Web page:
As the U.S. has tightened border security in recent years, many agricultural companies that had relied on illegal immigrant laborers are turning to H-2A visas. More than 196,000 H-2A visas were granted in 2018, compared to about 89,200 in 2014, according to the U.S. Labor Department.

But getting H-2A workers is expensive. Farmers incur additional costs such as transportation, food and legal aid to bring them into the country, as well as guaranteeing them at least 75% of their pay. And once those workers arrive, the farmers also must provide housing and other amenities, unlike non-H-2A labor.

In addition, H-2A workers in New York are paid $13.25 per hour, more than the current minimum wage rates for areas outside of New York City, according to the Labor Department.

It costs farmers an average of about $1,000 per H-2A worker—just to get them to the farm, said Dulce Demay, of Demay Labor, which helps match potential workers with farmers, including apple farms. She has helped 40-plus New York farms switch to the H-2A program over the last couple of years, mostly hiring workers from Mexico, she said.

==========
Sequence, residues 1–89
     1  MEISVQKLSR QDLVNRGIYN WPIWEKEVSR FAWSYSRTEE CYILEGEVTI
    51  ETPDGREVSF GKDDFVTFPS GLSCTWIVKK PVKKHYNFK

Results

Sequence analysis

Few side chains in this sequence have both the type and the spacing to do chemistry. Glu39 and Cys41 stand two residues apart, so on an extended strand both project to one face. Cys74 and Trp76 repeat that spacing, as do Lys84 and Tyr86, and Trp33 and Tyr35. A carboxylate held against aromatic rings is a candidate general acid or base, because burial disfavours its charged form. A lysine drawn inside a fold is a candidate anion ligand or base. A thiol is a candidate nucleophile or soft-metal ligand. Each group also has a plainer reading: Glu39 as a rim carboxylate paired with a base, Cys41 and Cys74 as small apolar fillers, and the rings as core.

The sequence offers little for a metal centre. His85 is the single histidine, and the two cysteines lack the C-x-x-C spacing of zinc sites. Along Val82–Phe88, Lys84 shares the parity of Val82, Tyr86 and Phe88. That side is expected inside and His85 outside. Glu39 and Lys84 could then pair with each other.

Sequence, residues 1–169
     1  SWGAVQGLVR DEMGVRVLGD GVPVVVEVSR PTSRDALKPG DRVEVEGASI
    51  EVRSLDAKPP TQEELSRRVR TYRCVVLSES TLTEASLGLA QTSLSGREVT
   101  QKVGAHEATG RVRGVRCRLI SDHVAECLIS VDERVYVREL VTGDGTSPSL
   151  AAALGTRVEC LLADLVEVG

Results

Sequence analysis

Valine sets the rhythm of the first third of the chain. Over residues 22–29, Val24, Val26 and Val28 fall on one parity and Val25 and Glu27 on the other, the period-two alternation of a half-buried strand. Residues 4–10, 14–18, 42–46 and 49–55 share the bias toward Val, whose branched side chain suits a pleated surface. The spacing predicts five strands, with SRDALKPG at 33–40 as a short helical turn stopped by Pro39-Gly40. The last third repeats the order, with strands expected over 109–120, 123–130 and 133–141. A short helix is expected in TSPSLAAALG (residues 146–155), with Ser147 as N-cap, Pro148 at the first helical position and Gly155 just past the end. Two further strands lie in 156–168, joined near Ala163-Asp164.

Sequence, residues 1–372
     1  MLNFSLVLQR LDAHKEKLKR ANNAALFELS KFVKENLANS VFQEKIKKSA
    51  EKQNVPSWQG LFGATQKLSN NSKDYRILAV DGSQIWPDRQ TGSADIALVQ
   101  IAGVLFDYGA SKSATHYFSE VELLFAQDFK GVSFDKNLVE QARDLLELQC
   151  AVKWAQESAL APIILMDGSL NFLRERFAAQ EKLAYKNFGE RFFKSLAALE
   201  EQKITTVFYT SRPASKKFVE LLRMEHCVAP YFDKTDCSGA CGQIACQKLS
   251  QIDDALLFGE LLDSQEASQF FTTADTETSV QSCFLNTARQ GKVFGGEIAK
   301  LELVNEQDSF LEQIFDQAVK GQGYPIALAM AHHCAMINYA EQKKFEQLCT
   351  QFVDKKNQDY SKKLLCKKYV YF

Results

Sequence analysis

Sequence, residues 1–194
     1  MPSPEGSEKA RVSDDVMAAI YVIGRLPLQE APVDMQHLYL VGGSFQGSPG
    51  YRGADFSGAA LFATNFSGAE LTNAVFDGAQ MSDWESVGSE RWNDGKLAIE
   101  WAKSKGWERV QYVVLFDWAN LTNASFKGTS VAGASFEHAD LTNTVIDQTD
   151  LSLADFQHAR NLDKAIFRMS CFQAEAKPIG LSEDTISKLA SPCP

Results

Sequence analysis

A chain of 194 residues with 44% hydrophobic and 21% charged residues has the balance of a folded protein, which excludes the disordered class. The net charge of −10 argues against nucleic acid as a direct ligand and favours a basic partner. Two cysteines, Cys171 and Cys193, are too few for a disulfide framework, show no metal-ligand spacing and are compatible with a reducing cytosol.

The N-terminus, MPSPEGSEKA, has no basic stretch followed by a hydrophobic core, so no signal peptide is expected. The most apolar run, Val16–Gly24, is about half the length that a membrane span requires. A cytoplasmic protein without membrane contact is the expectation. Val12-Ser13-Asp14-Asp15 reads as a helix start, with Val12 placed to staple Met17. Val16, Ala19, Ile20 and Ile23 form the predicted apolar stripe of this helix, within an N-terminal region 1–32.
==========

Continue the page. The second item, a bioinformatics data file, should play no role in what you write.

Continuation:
From the Wall Street Journal

Data from the WSJ and the Economic Policy Institute

More Hispanic and Asian men work

Friday, June 21st, 2019

Hispanic men have for decades had a higher labor force participation rate (percentage employed or looking for work) than have white men. Asian men used to have a lower rate in the 1990s but now have a higher participation rate than white men. Since the 1990s, the spread between these rates for Hispanic men and those of white men have increased, from roughly 4% to 8%. The Federal government projects that the gap will increase into the 2020s.(Go here).

The Wall Street Journal says that Labor participation among Hispanic immigrants with a high-school degree (72.2%) is nearly 20 points higher than similarly educated native whites (53.8%) and about equal to those with bachelor’s degrees (72.7%).

 

Massive increases in global remittance flows

Monday, June 10th, 2019